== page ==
Maximizing energy efficiency in snack and bakery plants
Energy efficiency is vital to snack and bakery business success. Picture a typical bakery or snack plant, its numerous ovens, fryers and industrial refrigerators and freezers. Now add in elements common to any business, but on a large scale: lighting, heating, cooling, ventilation.
The result? “Large utility bills and a significant carbon footprint,” says Mike Anderson, sales manager, Air Management Technologies Inc., Lewisburg, PA.
The rumored carbon taxes are just the beginning of concerns for such businesses, and facilities that consider moves toward improved energy efficiency have a lot to gain. “Understanding and making efforts to reduce the amount of energy consumed should be on the radar of all businesses, as it has both social and economic impacts that can shape the communities in which they operate,” says Christopher Shepard, digital marketing manager and sustainable leader, ORBIS Corp., Oconomowoc, WI.
Obviously, lower energy consumption will translate to lower utility bills, but Shepard points out that facilities that reduce their energy also reduce the stress placed on their community’s electrical grid.
Nanci Tellam, group director of environmental services and sustainability at Ryder System Inc., Miami, cites many additional business-savvy reasons why companies should consider energy efficiency: government compliance, financial return on investment (ROI), improved investor or consumer relations, employee retention, increased supply-chain efficiency and developing an image as a “good, sustainable corporate citizen.”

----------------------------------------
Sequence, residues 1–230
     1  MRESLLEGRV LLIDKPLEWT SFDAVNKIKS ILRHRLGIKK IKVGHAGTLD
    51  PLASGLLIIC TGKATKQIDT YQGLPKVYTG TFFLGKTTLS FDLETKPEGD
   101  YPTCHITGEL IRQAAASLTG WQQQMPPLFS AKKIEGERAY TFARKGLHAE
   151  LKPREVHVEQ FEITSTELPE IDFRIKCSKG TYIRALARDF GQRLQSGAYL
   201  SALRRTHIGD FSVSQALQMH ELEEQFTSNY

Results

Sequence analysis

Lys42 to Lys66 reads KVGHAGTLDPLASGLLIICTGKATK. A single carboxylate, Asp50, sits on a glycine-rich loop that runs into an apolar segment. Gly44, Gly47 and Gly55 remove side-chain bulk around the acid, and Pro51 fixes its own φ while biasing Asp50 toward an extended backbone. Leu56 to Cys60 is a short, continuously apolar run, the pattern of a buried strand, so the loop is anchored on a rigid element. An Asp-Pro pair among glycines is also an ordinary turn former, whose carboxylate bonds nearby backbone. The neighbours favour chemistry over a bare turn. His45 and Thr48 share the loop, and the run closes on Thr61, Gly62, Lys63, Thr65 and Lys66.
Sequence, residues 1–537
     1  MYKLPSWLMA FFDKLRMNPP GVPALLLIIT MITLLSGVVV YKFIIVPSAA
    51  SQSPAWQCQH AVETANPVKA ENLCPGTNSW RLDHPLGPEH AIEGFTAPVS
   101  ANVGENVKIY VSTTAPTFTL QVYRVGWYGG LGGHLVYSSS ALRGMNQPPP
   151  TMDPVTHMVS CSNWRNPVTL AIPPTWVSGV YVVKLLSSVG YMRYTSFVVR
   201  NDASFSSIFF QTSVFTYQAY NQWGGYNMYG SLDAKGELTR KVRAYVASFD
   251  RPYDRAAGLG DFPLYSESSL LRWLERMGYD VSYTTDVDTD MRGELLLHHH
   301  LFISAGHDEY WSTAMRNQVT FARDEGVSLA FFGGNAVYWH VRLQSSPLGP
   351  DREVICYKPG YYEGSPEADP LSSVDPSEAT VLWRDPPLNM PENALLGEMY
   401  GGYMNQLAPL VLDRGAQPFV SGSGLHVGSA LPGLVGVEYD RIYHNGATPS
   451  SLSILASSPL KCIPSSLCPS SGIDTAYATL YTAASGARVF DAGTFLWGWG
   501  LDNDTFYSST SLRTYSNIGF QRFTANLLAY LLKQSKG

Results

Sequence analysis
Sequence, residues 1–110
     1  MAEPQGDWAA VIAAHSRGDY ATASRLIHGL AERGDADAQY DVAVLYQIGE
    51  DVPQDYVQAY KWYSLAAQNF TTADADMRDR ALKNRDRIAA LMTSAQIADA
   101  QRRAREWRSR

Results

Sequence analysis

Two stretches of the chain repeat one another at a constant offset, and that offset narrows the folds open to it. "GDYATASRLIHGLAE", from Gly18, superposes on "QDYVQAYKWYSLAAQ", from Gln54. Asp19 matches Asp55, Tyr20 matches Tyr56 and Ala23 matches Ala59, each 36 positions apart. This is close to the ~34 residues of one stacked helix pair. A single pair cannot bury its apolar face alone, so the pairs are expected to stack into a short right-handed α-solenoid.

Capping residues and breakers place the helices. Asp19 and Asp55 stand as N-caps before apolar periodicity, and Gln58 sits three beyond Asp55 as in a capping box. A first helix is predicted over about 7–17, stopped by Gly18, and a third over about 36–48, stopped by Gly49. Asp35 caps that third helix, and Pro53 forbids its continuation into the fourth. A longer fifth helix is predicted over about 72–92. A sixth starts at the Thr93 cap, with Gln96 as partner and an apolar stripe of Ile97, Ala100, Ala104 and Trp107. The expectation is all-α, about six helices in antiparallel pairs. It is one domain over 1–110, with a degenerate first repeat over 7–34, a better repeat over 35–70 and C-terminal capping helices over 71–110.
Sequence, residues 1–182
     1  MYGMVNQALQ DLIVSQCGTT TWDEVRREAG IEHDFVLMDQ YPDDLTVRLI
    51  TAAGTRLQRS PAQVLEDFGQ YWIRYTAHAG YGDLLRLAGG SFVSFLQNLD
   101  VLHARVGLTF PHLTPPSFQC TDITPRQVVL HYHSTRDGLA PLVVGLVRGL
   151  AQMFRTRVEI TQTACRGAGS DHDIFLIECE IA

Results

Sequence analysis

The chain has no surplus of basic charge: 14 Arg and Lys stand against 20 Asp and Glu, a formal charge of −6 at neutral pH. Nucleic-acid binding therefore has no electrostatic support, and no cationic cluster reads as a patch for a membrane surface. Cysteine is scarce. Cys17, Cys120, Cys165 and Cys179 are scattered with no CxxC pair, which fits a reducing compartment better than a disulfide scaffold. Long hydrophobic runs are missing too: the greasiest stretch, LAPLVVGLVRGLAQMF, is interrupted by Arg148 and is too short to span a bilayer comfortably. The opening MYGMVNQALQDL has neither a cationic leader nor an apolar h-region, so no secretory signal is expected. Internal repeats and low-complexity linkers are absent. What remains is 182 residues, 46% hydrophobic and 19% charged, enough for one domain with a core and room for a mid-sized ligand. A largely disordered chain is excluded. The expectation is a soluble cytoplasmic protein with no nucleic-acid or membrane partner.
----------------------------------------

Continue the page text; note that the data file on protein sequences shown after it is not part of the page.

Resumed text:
To help snack producers and bakers reduce their energy consumption, industry partners are stepping up to offer solutions.
Environmental sustainability can often equate to economic sustainability. A spiral product conditioning system from Air Management Technologies operates with 10 to 30 percent of the energy cost of traditional refrigeration equipment, saving companies up to $50,000 annually and increasing food safety, says Anderson.
The company’s newest development is an absorption industrial heat pump that recycles otherwise discharged water from equipment such as cookers and kettles. “By lowering discharge water temperatures, facility water treatment is possible, permitting reuse in graywater applications,” Anderson adds. “The recovered heat energy is returned to facility processes, or may even be utilized to generate low-temperature refrigeration, further increasing returns and lowering facility carbon footprint.”
At Ryder, where transportation and logistics are everyday business, efficiency is king. The efficiency of its vehicles and buildings—those maintained by the company as well as those leased to customers—is enhanced with waste recycling programs, employee awareness and conservation programs, and energy-efficient lighting, as well as with a tracking, measuring and reporting system that culminates in a corporate sustainability report called the “Carbon Disclosure Project” (see www.ryder.com/about-us/sustainability/environmental-initiatives/carbon-disclosure-project)
Ryder’s warehouses reduce energy by assessing consumption, operations and material waste. Usage is monitored, and adjustments―like installing energy-efficient fans for air movement, retrofitting existing site lighting to fluorescent lighting, using skylights in warehouses, and adopting fast-charge battery technology to reduce charge time and electrical usage (and optimize labor)―are made. “We also participate in the U.S. Environmental Protection Agency SmartWay as a provider,” Tellam adds. “All of these programs provide the framework and foundation for Ryder to update our stakeholders on our results.”